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FUNCTION OF FEET IN ASCENDING AND DESCENDING GECKOS. K. Autumn, S.T. Hsieh*, D.M.
 

Summary: FUNCTION OF FEET IN ASCENDING AND
DESCENDING GECKOS. K. Autumn, S.T. Hsieh*, D.M.
Dudek, J. Chen, C. Chitaphan, and R.J. Full. Univ. of
California, Berkeley.
Kinematics of geckos (Hemidactylus garnoti) rapidly
ascending a vertical surface showed periods during which
only a single foot was in contact with the surface. During
descent geckos can have all 4 feet out of contact with the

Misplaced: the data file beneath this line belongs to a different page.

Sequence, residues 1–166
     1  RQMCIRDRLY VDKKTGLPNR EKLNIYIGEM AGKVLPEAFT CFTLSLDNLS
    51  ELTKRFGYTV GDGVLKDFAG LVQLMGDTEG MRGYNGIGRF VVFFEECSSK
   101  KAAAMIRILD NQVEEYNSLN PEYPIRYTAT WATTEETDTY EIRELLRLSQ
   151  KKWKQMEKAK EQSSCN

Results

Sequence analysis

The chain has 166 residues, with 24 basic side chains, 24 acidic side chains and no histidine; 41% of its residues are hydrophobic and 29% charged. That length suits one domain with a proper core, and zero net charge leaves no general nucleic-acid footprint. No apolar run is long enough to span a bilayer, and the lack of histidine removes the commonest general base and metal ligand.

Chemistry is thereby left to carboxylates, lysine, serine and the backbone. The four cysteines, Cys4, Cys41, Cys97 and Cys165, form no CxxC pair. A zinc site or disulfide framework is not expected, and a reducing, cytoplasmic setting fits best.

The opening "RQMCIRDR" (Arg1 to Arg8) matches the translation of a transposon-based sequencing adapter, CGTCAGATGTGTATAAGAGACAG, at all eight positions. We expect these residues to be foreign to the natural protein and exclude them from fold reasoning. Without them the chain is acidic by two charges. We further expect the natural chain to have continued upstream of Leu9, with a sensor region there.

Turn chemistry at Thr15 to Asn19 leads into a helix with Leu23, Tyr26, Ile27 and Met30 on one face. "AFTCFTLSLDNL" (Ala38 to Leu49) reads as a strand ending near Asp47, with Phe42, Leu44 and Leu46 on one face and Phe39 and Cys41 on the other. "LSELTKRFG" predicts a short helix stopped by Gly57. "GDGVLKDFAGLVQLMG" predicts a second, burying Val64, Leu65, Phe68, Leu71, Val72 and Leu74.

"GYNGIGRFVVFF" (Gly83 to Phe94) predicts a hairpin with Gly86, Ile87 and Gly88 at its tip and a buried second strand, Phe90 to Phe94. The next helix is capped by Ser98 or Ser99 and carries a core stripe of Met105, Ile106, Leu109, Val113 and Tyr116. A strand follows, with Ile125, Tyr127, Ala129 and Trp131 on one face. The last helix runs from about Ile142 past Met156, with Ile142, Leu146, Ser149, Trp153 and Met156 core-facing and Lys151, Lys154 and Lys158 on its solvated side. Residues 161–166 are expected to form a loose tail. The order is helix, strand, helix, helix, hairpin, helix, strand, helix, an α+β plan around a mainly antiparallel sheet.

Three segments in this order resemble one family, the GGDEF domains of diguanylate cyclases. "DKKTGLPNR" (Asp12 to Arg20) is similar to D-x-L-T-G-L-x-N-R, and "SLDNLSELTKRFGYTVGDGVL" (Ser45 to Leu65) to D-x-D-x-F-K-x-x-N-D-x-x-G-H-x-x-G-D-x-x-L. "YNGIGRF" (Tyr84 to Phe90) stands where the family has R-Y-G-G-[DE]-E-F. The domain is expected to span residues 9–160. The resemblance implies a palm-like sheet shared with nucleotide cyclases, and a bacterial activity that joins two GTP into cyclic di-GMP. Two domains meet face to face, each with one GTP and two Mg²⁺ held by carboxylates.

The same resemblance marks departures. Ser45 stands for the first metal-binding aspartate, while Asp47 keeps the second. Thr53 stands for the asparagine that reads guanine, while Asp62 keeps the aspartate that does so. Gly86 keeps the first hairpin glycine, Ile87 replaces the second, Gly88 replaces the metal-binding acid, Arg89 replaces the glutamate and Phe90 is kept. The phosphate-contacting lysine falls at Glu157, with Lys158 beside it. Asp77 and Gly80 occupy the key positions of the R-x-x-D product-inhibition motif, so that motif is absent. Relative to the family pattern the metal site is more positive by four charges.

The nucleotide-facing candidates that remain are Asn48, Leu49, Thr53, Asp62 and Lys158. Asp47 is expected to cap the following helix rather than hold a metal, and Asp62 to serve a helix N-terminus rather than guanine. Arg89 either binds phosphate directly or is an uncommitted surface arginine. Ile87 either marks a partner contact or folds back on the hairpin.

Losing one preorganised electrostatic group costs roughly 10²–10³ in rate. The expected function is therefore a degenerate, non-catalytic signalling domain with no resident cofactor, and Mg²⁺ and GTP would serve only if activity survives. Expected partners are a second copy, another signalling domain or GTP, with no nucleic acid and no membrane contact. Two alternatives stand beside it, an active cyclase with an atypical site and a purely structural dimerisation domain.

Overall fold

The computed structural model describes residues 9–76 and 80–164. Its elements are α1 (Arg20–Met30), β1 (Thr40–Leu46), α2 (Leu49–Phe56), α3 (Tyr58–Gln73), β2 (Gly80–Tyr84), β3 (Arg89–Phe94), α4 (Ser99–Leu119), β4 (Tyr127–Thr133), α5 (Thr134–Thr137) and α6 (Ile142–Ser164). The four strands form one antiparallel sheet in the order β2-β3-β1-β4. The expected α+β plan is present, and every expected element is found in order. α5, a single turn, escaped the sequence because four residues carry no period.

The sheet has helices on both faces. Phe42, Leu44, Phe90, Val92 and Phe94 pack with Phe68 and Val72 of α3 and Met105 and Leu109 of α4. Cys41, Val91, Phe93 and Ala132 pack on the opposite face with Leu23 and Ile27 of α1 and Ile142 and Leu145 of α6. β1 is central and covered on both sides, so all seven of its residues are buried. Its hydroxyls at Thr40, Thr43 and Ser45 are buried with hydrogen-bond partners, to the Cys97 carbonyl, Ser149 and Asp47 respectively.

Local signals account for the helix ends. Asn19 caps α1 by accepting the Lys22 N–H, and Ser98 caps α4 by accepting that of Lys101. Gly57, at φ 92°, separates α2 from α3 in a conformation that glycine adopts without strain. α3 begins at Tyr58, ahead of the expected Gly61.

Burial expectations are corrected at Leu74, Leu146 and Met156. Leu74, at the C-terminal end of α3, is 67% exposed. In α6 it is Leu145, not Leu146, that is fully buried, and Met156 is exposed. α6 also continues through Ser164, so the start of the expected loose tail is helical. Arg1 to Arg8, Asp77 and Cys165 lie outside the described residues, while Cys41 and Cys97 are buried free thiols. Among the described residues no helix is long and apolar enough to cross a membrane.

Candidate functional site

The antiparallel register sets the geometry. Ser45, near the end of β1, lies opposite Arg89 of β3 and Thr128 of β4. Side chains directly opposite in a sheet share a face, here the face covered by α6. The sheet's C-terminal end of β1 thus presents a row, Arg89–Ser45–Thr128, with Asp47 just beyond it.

surface at once. To reveal the mechanisms underlying the
ascending and descending ability, we measured single-leg
forces of animals running up and down a vertical track that
contained a force platform. During ascent, the front legs
pulled toward, while hind legs pushed away from the
vertical surface, generating a net moment pitching the
anterior toward the surface. Differential leg function
counteracts the tendency of the anterior to rotate away
from the surface. During descent hind legs primarily
absorbed energy, reducing speed, whereas front legs
appeared largely inactive. Kinematics of ascent showed that
front and rear toes are oriented in the direction of motion.

  

Source: Autumn, Kellar - Department of Biology, Lewis and Clark College

 

Collections: Engineering; Materials Science; Biology and Medicine